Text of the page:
I spend more time than I’d like to admit commiserating with Charlie Brown these days. I can’t blame it all on my son’s obsession with the Peanuts gang, though repeated viewings of the Valentine’s Day special have etched a few particular scenes onto my brain.
Every time I check the sales figures for the Kindle version of my novel, which for better or worse are available in something approaching real time, I can see Schroeder sweeping past, an armful of Valentine’s cards, but none for me. My numbers have a maddening habit lately of remaining much more consistent than I would like.
On the rare occasion when the Units Sold tally ticks up a digit, I hear Charlie Brown’s voice in my head: “Hey, maybe this is the start of a trend. Maybe this is a whole new trend for old Charlie Brown. Maybe this is the start of something big! Maybe next year I’ll get a whole *bunch* of Valentines! Maybe next year I’ll need three briefcases instead of two! Maybe next year I’ll even…”
Then I’ll check the numbers again, only to choke hard on reality as they remain frozen at the new, only slightly higher than before, level. For a brief bit the fact that they went up at all will be enough to keep the pilot lit on that pathetic and unwarranted Charlie Brown-esque optimism, but it will eventually fade as the doubt starts gnawing at the lining of my stomach. “Will I ever sell another copy?”
It’s silly and irrational, but it’s probably not all that far out of line with what most new authors experience. And being realistic, I must remind myself I knew this was the likeliest scenario I’d face. Sure, there was that one alternate reality in which The Greatest Show on Dirt rocketed up the Amazon best seller list in the days following its release. The one in which me monitoring my sales figures looked a lot more like Peter Gibbons checking his illicit bank account after hacking into the Initech computer system in Office Space.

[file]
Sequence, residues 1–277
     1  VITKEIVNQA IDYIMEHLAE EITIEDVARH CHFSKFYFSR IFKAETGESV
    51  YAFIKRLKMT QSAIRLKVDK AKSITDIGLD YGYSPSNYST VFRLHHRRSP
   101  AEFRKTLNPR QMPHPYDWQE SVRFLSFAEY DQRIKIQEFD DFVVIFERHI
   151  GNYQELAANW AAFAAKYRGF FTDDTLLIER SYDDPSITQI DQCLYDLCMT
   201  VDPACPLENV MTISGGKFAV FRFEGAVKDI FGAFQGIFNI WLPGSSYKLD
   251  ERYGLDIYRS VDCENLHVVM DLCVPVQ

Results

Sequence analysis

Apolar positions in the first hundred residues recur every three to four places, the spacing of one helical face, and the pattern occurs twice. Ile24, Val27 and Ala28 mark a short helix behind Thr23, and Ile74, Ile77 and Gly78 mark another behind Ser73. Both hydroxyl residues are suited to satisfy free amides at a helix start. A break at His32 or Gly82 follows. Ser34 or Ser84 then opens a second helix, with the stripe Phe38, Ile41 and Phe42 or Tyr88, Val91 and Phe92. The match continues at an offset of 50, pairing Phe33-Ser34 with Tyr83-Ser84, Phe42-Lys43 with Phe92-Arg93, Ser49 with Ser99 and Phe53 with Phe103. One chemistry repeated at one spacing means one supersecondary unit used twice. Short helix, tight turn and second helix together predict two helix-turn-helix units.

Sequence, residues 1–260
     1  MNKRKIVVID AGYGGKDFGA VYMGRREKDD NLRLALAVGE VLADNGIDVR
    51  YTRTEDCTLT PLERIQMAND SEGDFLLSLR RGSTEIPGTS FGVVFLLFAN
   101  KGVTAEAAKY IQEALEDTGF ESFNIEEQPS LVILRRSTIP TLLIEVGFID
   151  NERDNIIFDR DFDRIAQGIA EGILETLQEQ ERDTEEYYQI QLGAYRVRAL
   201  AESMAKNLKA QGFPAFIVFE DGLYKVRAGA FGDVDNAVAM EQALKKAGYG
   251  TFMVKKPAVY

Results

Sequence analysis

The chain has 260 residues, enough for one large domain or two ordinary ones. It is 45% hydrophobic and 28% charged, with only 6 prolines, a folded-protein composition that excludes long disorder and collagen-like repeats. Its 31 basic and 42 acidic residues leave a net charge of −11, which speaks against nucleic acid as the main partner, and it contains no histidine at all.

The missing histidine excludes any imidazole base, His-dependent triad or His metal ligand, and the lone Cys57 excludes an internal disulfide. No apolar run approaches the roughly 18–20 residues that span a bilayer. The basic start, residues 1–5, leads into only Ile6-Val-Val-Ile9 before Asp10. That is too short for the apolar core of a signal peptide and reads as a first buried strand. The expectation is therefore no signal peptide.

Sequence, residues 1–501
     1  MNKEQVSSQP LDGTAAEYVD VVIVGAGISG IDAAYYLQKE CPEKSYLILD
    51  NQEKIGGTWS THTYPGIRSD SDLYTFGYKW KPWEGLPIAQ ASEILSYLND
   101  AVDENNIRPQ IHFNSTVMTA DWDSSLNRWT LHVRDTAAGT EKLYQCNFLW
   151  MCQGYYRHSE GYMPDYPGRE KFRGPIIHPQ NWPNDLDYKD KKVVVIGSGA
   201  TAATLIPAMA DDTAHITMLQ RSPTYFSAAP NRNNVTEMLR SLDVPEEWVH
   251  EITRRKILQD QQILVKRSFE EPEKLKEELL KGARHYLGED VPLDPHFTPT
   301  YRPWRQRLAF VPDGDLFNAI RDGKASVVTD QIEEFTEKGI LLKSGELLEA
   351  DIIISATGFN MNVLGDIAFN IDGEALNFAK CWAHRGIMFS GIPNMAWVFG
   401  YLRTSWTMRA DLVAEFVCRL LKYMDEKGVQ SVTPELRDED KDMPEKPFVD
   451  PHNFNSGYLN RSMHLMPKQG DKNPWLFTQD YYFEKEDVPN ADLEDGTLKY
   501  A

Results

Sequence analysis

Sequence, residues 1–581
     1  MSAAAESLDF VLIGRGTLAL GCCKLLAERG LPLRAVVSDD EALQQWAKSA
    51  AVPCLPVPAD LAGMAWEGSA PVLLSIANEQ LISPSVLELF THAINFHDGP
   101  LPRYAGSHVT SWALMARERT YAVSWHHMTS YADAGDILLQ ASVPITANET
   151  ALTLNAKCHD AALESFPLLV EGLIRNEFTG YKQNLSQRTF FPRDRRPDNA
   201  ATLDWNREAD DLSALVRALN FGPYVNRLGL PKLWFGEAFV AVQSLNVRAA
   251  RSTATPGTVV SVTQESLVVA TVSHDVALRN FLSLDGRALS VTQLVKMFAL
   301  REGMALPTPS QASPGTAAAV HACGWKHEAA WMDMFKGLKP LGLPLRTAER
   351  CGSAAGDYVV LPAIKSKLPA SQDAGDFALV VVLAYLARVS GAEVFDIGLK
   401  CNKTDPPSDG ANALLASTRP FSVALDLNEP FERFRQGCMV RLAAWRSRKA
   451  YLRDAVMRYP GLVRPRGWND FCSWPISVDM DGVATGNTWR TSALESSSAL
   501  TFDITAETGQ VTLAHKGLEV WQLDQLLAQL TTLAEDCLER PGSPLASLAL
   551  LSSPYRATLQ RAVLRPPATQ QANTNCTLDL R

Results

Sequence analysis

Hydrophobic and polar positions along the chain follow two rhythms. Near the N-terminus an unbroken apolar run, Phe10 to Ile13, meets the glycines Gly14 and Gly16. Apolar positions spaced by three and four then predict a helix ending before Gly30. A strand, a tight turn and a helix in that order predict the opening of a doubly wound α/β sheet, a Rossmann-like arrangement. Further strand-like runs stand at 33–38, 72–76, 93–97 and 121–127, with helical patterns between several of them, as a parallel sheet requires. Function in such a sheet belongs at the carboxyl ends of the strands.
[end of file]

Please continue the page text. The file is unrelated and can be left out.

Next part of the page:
No, my climb is much more methodical, which only drives home the most important lesson I’ve absorbed thus far.
1. Patience is more than a virtue. It’s a requirement.
According to my original plan, I shouldn’t have sold a single book by this point. I originally announced a March 20 release date. I sent out about a dozen review copies at the end of January and was prepared to sit tight until Spring. But within a week someone actually wrote about the book. Not a full review, but a solid mention to lead off his column. And I realized if someone were intrigued they’d have nowhere to go to order the book.
Unlike the big guys, self-publishers can’t set their titles up in Amazon ahead of time for pre-order. We’re virtually invisible until we jump out into the market. And invisible is bad. So I changed course midstream and went live six weeks ahead of schedule, like a running back cutting away from his blockers. The yards are tougher to gain this way, but in retrospect it still seems like the right move. Eventually those reviews will start running (one already has, a couple others could be on the way as soon as this week) and things will mesh just fine from that point. In the meantime I need to find something else to occupy my mind so I don’t drive myself, or anyone else, insane.
2. Pity sales are better than no sales, but not really.